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School Connectedness Reduces Risky Behaviors

School connectedness, also known as school attachment, school climate or school bonding, is the belief among students that teachers and other adults within the school care about them as individuals and care about their learning (Wingspread Declaration on School Connections, 2004). Research studies have shown that students who feel connected to school are more likely to have a number of positive health and academic outcomes (Bond et al., 2007; Dornbusch et al., 2001; Resnick et al., 1993; Shochet et al., 2007). School connectedness has also been shown to be a key protective factor that lowers the risk of engaging in health-compromising behavior in youth. For example, Dornbusch et al. (2001) prospectively showed that higher levels of school connectedness were strongly associated with students' delayed initiation of tobacco, alcohol and cannabis use, delinquency, and violent behavior.


School connectedness is grounded within attachment theory and such models as the Social Development Model (Berkman et al., 2000; J., 1980). Attachment theory argues that psycho- logical and social development is based on secure emotional bonds with important persons such as parents or other adults (Bowlby, 2005). Such bonds help with positive development and buffer the effects of negative experiences. The Social Development Model builds on attachment theory and suggests that school connectedness is based on students' sense of attachment and commitment to school as well as their involvement in school (Catalano et al., 2004). According to the model, patterns of behavior are learned from the social environment and when there is consistency in the socializing process, a social bond is formed between individuals and others within the social environment. As schools are primary socializing units or agents, social bonds that reflect attachment and commitment between an individual student and others within the school could develop. Once secure, such school bonding would inhibit beliefs and behaviors inconsistent with the norms and values of the school.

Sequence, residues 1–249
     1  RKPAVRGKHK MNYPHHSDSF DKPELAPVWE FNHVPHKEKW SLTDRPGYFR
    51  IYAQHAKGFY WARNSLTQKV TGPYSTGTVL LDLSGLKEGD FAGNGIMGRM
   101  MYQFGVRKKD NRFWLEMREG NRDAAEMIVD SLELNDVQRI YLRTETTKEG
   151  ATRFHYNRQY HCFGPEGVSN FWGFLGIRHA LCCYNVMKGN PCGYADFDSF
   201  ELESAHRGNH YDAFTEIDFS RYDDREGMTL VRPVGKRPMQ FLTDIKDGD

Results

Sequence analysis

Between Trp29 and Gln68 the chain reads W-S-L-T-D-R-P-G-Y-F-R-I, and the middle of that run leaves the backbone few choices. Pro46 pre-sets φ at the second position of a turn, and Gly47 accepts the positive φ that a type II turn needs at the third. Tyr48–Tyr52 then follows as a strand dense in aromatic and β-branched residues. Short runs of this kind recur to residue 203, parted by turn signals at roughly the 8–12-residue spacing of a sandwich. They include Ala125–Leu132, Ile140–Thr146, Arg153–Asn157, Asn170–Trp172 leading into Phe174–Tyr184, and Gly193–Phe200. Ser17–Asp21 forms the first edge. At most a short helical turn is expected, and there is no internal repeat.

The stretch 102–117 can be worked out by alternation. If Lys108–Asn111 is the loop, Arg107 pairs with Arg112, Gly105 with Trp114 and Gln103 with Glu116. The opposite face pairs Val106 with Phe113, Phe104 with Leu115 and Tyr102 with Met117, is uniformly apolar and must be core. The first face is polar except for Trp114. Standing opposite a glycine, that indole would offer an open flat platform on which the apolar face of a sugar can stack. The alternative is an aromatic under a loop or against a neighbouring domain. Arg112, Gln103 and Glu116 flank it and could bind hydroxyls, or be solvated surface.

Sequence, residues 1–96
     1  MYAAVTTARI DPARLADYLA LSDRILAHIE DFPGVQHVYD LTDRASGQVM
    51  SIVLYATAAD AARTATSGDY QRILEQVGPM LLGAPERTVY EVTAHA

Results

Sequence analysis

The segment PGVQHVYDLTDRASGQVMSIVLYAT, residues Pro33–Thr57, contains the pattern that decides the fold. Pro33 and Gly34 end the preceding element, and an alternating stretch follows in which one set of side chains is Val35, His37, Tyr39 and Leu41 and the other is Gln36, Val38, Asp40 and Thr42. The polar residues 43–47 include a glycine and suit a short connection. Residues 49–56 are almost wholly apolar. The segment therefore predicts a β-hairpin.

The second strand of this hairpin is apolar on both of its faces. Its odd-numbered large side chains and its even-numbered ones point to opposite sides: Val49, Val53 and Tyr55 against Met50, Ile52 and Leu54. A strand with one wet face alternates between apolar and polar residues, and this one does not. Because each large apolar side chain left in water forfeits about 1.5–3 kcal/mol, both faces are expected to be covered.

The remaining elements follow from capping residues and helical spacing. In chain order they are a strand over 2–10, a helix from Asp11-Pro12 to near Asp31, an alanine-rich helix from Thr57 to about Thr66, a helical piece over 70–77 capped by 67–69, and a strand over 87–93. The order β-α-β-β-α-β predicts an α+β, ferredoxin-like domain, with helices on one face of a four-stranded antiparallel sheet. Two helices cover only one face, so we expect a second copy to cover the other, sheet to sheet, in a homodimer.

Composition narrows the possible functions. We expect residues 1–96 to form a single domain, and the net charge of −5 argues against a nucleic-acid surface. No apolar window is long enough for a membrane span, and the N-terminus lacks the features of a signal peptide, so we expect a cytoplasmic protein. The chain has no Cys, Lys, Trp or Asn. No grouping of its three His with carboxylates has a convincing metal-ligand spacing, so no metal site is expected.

IINII uses a revolutionary Design Thinking process to help your school community gain an understanding of one’s sense of self, as well as developing an understanding of students’ and parents’ values; having an understanding of one’s values matters because research has shown that it is linked to better well-being, less stress, and increased confidence in one’s ability to succeed.


Understanding students’ values can be developed with culturally sustaining practices that reflect a student’s identity and experience. Particularly helpful is focusing efforts on cultural competence and relevance and providing opportunities for students to practice bridging differences between diverse identities in a safe environment. To learn how you can create a dynamic youth-centered environment that honors the unique values of your students and parents, visit our website at www.iinii.org, or contact us at iinii@iinii.org or 1800-507-2502.



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